ZURICH (Reuters) - The Swiss National Bank announced a shock cut in interest rates and threatened more action to cap a soaring Swiss franc, but the impact was expected to be short-lived given the currency’s safe-haven appeal amid mounting concerns about global growth.
The SNB said on Wednesday it would cut its target rate to “as close to zero as possible” from an already rock-bottom 0.25 percent, and said it would very significantly increase the supply of francs to the money market over the next few days.
It said it would not tolerate the effective tightening of monetary conditions imposed by what it called a “massively overvalued” franc which was threatening economic growth and increasing downside risks to price stability.
“The SNB is keeping a close watch on developments on the foreign exchange market and will take further measures against the strength of the Swiss franc if necessary,” the bank said.
The euro jumped 2.5 percent versus its Swiss counterpart after hitting a new record low before the SNB news. The dollar also rose sharply. But the franc recouped most of its losses later in the day.
“These measures will probably not bring a halt to the Swiss franc’s appreciation,” said Neil Mellor, currency strategist at Bank of New York Mellon. “It will be a hard-fought battle for the SNB and at most this will slow the pace of appreciation.”
With low-debt Switzerland seen as a safe haven from an escalating euro zone debt crisis and fears of a U.S. rating downgrade, the franc has surged 18 percent against the euro and 22 percent against the dollar in recent months.
The yen has also jumped nearly 5 percent in the last month and Japanese officials kept markets on guard for currency intervention and monetary easing on Wednesday.
But the SNB is the first central bank to cut rates since the global economic outlook deteriorated with expectations for higher rates from the European Central Bank and U.S. Federal Reserve pushed back since signs emerged of a new slowdown.
“It’s a very difficult situation for them with the ongoing issues in the periphery in Europe. The Swiss franc is a sort of default option here,” said Henrik Gullberg of Deutsche Bank. “That is unlikely to go away as long as we have these issues in Europe.”
Swiss exporters have called on both the SNB and the government to take action against the currency’s steep rise although the bank has also been criticized for the heavy losses it incurred in its post-crisis interventions in 2009 and 2010.
Nick Hayek, chief executive of watch maker Swatch, who has been one of the most outspoken about the impact of the strong franc, welcomed the SNB move.
“This is wonderful. Speculators should brace themselves,” he told Reuters.
The Swiss government said in a statement it had discussed the impact of the latest rise in the franc on the economy during a phone conference on Wednesday and welcomed the measures the SNB had taken to fight the franc’s strength.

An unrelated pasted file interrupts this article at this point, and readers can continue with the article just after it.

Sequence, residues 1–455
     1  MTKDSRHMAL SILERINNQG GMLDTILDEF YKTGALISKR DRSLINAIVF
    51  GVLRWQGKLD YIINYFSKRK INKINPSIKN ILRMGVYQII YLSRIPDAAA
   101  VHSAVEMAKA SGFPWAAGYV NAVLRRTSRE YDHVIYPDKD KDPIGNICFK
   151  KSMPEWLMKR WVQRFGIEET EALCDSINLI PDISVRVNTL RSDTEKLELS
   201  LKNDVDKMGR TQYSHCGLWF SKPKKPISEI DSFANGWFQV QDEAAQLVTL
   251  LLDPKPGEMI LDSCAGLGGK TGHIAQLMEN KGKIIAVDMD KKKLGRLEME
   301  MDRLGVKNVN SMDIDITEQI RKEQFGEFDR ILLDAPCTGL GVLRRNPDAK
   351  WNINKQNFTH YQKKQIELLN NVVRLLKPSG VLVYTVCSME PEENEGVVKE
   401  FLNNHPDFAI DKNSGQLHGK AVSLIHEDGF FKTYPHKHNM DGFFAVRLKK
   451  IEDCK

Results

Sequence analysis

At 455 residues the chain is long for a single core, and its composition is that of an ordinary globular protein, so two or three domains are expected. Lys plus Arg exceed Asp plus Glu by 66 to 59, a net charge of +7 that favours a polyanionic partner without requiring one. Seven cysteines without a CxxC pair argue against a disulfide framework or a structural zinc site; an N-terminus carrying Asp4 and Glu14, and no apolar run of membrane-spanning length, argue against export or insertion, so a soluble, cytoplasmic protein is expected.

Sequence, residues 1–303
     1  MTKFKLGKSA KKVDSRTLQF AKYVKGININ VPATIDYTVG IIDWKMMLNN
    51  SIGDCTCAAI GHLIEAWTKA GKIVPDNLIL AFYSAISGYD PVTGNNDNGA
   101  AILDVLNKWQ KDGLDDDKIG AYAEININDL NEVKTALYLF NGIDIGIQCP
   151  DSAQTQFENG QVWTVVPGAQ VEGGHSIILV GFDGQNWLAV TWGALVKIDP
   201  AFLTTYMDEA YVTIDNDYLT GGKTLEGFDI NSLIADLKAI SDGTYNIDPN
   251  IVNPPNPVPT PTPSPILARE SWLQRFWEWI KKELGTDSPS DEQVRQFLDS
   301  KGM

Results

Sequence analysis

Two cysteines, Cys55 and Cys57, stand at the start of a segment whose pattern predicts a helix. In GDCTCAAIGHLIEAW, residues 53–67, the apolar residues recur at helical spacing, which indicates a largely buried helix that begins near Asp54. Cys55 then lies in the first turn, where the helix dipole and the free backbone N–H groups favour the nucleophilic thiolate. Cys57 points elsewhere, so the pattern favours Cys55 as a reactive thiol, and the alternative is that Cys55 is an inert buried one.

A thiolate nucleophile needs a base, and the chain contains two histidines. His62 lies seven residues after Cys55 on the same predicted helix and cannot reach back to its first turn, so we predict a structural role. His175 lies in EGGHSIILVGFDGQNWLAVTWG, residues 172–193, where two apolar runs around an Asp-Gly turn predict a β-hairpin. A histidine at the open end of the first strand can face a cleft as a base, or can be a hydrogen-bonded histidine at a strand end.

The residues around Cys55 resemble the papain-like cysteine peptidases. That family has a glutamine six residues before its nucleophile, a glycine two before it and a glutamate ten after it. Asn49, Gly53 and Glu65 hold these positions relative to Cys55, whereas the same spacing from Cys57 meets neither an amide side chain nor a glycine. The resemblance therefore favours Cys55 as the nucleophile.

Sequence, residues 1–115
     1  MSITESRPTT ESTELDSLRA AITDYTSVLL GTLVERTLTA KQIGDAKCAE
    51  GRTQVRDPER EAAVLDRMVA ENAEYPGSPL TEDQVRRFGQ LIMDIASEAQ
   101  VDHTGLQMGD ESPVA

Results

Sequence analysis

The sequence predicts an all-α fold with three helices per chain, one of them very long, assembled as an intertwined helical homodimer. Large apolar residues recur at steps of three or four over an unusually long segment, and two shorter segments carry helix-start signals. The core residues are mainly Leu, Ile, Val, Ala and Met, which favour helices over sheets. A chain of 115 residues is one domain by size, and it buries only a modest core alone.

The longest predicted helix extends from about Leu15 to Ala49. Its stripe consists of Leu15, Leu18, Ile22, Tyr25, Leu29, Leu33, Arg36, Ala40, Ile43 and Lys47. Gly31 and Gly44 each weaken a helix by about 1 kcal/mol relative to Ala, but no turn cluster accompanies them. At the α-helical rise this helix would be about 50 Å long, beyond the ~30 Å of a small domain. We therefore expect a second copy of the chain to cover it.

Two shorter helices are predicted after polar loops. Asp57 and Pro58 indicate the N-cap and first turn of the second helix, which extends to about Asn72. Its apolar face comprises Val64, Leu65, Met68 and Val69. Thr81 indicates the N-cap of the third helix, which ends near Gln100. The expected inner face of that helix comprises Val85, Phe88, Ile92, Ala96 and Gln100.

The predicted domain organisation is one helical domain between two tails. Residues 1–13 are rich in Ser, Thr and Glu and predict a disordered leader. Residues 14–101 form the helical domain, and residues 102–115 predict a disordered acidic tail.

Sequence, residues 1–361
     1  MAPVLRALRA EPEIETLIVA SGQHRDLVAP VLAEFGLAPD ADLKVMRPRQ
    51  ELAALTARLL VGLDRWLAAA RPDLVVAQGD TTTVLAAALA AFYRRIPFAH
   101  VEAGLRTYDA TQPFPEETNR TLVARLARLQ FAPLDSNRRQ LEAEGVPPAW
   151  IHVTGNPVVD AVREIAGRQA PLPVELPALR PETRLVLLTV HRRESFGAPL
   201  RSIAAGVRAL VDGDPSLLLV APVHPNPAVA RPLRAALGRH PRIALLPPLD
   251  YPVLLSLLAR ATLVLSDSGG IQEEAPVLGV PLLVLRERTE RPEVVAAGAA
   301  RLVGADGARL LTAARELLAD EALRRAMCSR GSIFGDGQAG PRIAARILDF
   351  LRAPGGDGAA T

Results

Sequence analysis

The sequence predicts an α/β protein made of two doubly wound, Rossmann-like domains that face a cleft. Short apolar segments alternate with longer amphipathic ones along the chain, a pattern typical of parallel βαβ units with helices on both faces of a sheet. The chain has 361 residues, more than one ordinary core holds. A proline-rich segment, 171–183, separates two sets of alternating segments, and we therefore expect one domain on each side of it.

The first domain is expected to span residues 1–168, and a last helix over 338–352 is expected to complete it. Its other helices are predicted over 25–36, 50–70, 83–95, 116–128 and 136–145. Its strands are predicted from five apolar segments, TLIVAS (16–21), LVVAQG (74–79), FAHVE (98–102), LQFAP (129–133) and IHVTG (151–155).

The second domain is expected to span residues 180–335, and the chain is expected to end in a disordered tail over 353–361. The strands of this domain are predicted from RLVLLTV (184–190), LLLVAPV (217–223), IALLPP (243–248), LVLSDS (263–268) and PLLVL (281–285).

SNB Chairman Philipp Hildebrand, who has faced calls to resign after the bank ran up huge losses from currency interventions, told Swiss television action had been needed given the danger posed to the economy from the strong franc.
“The problems in Europe and the United States have led to a massive overvaluation of the Swiss franc, and the international economic environment has significantly weakened,” he said.
“We don’t want to allow an additional tightening of monetary policy conditions to happen via the exchange rate that doesn’t correspond to what is necessary in this environment.”
The euro was up 1 percent to 1.0961 at 1620 GMT after hitting a record low of 1.0794 before the SNB announcement. The dollar gave up most of its earlier gains to trade up 0.2 percent at 0.7654 per franc.
After the Swiss franc rose about 12 percent against the euro in July alone, economists began to warn that a recession could be looming in Switzerland with forward-looking indicators such as the KOF economic barometer pointing to a slowdown.
Analysts said the SNB could resume the foreign exchange interventions it stopped in June 2010, even though its previous attempts were seen by many as an expensive failure.
“Maybe the threat of intervention will force people to look for other potential safe havens,” said Lloyds Banking Group currency strategist Adrian Schmidt.
The SNB said last week it suffered a 9.9 billion Swiss franc ($12.8 billion) first-half loss on its foreign exchange holdings due to the surging franc, increasing criticism of Hildebrand and making interventions politically more difficult.
Christoph Blocher, a leading figure in the right-wing Swiss People’s Party, launched a new attack on Hildebrand on Sunday, saying the SNB boss behaved like a speculator and was not qualified for the job.
Before the big franc jump, Swiss interest rate futures had priced in the possibility of a first post-crisis rate hike for September, but Wednesday’s news pushed back expectations for a rise in the rate target to 0.5 percent to June 2013.
To increase liquidity to the franc money market, the SNB also said it would expand banks’ sight deposits at the SNB and would no longer renew repos and SNB bills that fall due and will repurchase outstanding SNB bills.
Writing by Emma Thomasson and Catherine Bosley; editing by Mike Peacock